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Published: 29 May 2020

Cows grazing frosty morning

Most dairy regions in Tasmania are likely to have a wetter than average start to winter. Winter is also likely to be warmer than average.

What is the weather during the first month of winter going to be like? The forecast from the Bureau of Meteorology indicates it is more likely to be wetter than average for the northern regions of Tasmania (Figure 1).

Figure 1

For July, there is a slightly higher chance of exceeding the median rainfall in both the north-west and north-east. For the remainder of the dairy regions in Tasmania, there is an equal chance of July being either drier or wetter (Figure 2).

Figure 2

The maximum temperature for June is more likely to be warmer than the long-term median maximum temperature for most the state, except for the north-west where there is an equal chance of it being either warmer or colder (Figure 3). The eastern side of King Island has small likelihood of the maximum temperature being colder than the long-term median maximum temperature (Figure 3).

Figure 3

The maximum temperature outlook is very similar for the month of July – it is more likely to be warmer than the long–term median maximum temperature for most of Tasmania, except the north-west.

Figure 4

Similar to the maximum temperature, the minimum temperature for June is more likely to be warmer in June for all of Tasmania except the northwest. In the north-west there is an equal likelihood of it being warmer or colder than median (Figure 5).

Figure 5

The likelihood of exceeding the median minimum temperature is slightly lower in July (compared to June) for most dairy regions in Tasmania but it is still more likely to be warmer (than colder) in July (Figure 6).

Figure 6

Pasture growth

The pasture growth outlook for June and July is positive. Based on the climate forecasts, it is likely to be wetter than average, but not excessively wetter and both the minimum and maximum temperatures are likely to be above the long-term averages. This should lead to at least average or even above average pasture growth for the start of winter.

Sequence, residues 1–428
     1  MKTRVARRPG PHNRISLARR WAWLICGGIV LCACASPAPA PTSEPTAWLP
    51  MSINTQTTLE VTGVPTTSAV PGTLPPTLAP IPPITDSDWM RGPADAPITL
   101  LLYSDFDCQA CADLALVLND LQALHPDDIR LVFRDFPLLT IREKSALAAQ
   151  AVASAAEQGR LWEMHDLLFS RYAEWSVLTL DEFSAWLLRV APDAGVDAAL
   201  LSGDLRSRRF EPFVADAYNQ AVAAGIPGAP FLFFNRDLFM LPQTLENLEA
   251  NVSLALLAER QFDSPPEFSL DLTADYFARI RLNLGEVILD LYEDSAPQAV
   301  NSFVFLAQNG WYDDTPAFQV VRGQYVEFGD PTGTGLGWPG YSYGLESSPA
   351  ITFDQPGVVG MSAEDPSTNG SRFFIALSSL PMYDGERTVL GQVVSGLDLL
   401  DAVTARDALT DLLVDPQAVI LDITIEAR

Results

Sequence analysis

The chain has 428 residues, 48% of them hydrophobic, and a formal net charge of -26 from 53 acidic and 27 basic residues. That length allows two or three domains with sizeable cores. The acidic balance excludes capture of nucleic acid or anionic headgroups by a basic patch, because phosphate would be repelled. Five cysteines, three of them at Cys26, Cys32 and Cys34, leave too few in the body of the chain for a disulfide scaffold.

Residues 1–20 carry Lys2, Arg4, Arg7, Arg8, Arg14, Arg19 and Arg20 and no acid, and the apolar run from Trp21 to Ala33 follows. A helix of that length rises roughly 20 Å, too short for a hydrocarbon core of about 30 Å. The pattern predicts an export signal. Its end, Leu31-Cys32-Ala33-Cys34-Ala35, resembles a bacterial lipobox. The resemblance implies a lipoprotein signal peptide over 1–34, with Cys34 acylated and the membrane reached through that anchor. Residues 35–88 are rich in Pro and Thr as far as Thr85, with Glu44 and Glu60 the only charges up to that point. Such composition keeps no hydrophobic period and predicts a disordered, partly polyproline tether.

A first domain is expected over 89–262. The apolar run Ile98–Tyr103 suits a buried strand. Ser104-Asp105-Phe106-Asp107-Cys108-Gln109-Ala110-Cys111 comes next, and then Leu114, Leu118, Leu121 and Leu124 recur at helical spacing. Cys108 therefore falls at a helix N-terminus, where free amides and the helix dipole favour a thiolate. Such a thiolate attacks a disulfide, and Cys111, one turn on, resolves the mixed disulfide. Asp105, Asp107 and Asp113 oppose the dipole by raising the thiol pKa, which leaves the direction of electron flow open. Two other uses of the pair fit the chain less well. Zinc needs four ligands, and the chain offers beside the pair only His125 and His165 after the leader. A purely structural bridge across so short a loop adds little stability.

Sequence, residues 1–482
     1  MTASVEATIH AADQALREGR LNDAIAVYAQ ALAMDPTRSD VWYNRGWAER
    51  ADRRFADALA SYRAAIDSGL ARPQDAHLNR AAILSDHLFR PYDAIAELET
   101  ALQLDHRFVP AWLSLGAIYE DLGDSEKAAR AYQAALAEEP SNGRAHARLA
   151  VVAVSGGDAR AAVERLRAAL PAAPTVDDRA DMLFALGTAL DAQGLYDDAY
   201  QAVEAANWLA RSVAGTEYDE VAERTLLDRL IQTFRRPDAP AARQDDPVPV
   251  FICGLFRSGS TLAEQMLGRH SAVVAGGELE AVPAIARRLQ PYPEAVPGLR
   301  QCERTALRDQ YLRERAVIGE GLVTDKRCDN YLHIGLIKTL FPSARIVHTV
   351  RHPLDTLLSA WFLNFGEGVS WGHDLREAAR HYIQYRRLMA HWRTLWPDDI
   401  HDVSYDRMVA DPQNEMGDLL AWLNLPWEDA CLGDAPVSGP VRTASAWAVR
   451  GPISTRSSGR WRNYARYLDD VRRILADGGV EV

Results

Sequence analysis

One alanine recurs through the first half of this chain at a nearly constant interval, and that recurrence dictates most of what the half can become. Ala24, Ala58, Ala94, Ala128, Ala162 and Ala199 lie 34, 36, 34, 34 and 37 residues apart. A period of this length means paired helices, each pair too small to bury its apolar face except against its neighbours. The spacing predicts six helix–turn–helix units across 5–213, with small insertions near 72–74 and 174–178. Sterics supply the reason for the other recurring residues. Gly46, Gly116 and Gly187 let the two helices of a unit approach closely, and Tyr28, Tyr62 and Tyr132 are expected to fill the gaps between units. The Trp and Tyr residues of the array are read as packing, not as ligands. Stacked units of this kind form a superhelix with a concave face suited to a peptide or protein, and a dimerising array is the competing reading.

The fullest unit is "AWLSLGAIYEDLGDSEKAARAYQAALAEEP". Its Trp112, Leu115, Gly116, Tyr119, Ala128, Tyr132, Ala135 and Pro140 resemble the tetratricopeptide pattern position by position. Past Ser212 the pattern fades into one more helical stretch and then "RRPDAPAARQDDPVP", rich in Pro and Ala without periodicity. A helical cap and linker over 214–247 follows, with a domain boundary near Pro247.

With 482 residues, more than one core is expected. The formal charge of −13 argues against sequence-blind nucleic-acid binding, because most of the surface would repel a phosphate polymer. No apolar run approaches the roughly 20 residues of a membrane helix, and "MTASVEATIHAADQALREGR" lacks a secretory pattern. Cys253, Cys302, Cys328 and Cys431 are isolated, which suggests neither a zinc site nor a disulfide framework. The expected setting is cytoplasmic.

Soil temperature can be a good guide to potential pasture growth rates. Data from the Smarter Irrigation project weather stations shows soil temperature is about 10°C at Waterhouse, Elliott and Lileah but is less than 100C in the Meander district (Figure 7).

Soil temp

Soil temperatures this year are similar as to the same time last year at both Meander and Elliott although are trending slightly lower this season (Figures 8 & 9). Higher soil moisture levels can reduce the amount of warming in soils occurring during daylight hours. This means, even if the maximum temperature is higher this winter, soil temperature could still be lower if soil’s are wetter. This could lead to lower pasture growth rates.



Pasture utilisation

Wetter soil conditions can reduce pasture utilisation as there is more trampling of pasture and more pugging damage. Having ‘wet day’ grazing strategies can minimise damage to soil and the associated reduction in pasture utilisation.

Strategies that minimise damage to soils and pasture include:

  • ‘On-off’ grazing – cows are grazed on pasture for 2-4 hours and then moved to a standoff area
  • Allocating two-thirds of feed for the day grazing and one-third for the night grazing
  • Grazing paddocks from the back first
  • Use of back fencing
  • Where possible, using different gateways to enter and exit paddocks

Regardless of whether it is wetter or not this winter, it is highly likely there will be some very wet days. A grazing plan for wet days, that is well communicated to all the team and enacted when needed, will minimise pugging damage and help maintain good pasture growth rates and utilisation through the winter and into spring.

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